The Praetorian Guard, intimate to the emperor's person, was an even greater threat to security. The cohorts stationed in Rome were difficult to appease and quick to commit assassination. The donativum thus provided a significant way to purchase the Guards' support and loyalty.

Emperor Augustus bequeathed the Praetorian Guard a substantial sum in his will, but it was not until the reign of Tiberius that gifts of money were thought mandatory. The Praetorian Guard received such gifts for turning a blind eye when Sejanus, their prefect, fell from power. Each Praetorian Guard received 10 gold pieces for refraining from defending Sejanus's.

In 41, after the assassination of Caligula, the Guard supported Claudius, and after a brief time the Senate learned that the Guard had installed him on the throne. Claudius gave them 150 gold pieces, or some 3,750 denarii, to which the senators' 100 sesterces were added annually to commemorate Claudius's accession. The inevitable result of the custom of the donativum was the Praetorians' auctioning of the Empire to Didius Julianus in 193.

Fasti Ostienses

The Fasti Ostienses are a calendar of Roman magistrates and significant events from 49 BC to AD 175, found at Ostia, the principal seaport of Rome. Together with similar inscriptions, such as the Fasti Capitolini and Fasti Triumphales at Rome, the Fasti Ostienses form part of a chronology known as the Fasti Consulares, or Consular Fasti.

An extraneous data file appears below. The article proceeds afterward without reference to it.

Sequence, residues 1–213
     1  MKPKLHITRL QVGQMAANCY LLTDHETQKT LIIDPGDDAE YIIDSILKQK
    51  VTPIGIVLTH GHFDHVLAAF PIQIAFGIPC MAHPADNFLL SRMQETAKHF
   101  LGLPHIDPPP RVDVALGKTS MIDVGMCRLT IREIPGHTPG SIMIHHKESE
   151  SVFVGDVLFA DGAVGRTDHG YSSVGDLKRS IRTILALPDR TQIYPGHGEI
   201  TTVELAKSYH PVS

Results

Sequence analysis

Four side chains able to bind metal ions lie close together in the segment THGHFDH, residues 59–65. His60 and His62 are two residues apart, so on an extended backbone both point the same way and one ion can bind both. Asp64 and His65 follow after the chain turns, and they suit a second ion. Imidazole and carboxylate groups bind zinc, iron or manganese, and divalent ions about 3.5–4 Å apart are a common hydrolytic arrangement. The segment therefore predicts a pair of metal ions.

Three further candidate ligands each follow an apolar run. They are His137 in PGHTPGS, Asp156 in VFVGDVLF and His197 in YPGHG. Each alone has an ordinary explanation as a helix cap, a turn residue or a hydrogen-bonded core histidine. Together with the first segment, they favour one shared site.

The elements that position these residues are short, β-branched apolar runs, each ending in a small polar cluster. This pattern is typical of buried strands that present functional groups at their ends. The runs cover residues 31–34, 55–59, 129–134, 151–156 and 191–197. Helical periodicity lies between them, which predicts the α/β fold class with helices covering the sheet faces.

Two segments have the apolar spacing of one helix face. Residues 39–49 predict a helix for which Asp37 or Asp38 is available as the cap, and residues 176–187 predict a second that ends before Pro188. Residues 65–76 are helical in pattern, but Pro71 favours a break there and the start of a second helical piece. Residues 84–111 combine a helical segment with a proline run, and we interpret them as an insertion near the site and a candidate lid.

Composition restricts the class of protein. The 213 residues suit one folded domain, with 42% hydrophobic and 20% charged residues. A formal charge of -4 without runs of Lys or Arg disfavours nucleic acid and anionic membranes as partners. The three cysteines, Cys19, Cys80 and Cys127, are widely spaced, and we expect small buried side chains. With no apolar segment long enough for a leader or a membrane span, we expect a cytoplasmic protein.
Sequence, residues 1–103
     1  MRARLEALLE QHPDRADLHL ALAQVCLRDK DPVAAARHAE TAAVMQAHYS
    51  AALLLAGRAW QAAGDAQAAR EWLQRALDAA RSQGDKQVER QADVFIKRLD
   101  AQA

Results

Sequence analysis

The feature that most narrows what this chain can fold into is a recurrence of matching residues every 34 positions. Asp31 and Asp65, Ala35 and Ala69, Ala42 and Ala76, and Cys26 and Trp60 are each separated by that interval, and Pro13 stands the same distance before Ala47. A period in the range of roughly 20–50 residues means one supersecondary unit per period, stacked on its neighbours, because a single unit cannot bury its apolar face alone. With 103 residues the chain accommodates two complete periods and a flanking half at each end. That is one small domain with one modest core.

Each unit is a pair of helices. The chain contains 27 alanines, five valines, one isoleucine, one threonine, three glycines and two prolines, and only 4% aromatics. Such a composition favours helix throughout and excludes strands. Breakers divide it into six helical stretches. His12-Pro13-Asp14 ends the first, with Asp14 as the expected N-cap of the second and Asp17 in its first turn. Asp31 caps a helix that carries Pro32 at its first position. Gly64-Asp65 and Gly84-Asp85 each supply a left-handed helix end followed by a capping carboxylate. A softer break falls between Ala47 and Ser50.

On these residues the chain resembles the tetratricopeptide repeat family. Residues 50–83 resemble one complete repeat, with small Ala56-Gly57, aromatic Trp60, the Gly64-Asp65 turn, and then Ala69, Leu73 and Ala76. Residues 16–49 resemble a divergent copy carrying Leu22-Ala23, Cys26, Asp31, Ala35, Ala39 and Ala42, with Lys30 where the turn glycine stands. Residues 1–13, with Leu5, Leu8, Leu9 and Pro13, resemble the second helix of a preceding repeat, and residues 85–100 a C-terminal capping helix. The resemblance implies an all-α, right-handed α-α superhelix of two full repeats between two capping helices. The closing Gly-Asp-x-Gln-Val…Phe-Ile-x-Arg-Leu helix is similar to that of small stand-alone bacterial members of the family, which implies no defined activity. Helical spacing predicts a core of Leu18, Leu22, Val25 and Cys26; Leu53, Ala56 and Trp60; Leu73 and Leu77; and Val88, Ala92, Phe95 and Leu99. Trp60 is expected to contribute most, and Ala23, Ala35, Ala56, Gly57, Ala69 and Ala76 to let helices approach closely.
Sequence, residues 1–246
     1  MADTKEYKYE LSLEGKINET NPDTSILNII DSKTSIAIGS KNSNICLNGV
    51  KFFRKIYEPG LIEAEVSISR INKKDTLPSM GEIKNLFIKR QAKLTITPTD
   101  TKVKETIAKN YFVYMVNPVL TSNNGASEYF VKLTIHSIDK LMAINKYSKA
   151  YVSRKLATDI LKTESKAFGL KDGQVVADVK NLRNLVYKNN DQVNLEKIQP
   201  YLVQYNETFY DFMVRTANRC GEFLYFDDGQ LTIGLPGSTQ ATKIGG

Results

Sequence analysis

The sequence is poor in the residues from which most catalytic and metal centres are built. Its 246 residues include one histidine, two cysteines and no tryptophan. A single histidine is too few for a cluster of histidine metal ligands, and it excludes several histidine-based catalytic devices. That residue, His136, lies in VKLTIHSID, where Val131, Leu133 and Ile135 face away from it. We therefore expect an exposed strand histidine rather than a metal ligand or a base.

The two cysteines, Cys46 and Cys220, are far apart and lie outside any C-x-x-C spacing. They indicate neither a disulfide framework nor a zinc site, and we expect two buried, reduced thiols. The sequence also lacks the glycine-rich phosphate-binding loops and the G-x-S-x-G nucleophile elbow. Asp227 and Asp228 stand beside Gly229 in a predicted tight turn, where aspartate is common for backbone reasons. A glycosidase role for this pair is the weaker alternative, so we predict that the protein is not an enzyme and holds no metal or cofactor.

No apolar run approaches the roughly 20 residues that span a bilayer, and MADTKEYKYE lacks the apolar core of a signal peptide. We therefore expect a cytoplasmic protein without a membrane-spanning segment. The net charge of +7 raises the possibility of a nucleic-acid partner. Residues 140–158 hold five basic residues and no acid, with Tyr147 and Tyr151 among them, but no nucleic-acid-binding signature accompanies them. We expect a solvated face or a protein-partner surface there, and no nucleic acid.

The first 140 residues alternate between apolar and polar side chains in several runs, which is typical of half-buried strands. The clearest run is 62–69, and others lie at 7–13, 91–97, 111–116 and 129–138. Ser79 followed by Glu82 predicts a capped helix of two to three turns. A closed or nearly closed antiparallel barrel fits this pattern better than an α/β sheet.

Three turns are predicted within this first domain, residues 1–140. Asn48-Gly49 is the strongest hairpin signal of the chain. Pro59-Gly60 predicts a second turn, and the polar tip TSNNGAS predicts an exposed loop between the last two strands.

The Fasti Ostienses were originally engraved on marble slabs in a public place, either the Ostian forums, or the temple of Vulcan, the tutelary deity of Ostia. The fasti were later dismantled and used as building materials. Since their rediscovery, they have become one of the primary sources for the chronology of the early Roman Empire, along with historians such as Tacitus, Suetonius, and Cassius Dio.

Fiscus

Fiscus, from which comes the English term fiscal, was the name of the personal chest of the emperors of Rome.

The word is literally translated as "basket" or "purse" and was used to describe those forms of revenue collected from the provinces (specifically the imperial provinces), which were then granted to the emperor. Its existence pointed to the division of power in the early era of the Empire between the imperial court and the Senate.

Liberalitas

In ancient Roman culture, liberalitas was the virtue of giving freely (from liber, "free"), hence generosity. On coins, a political leader of the Roman Republic or an emperor of the Imperial era might be depicted as displaying largess to the Roman people, with liberalitas embodied as a goddess at his side. The goddess Liberalitas appears on coinage issued under the emperors Gordian III Trajan, Antoninus Pius and Septimius Severus, sometimes designated as Augusta or Augusti in association with Imperial cult. On one example, a Roman holds out his toga to receive coins poured by Liberalitas, as Antoninus looks on from an elevated seat.The divine Virtues are sometimes associated with a particular activity or function performed by the emperor—in the case of Liberalitas, the congiarium or giving of gifts by the emperor directly to individuals. The enacting of the particular virtue was considered an epiphany of the goddess or miraculum: Liberalitas was thought to have manifested herself when Trajan distributed cash gifts to the populace during his formal arrival ceremony (adventus) in 99 AD. Pliny names the quality of liberalitas in his Panegyric to Trajan.Liberalitas was theologically linked to Providentia, "providence", and Annona, the embodiment of the grain supply.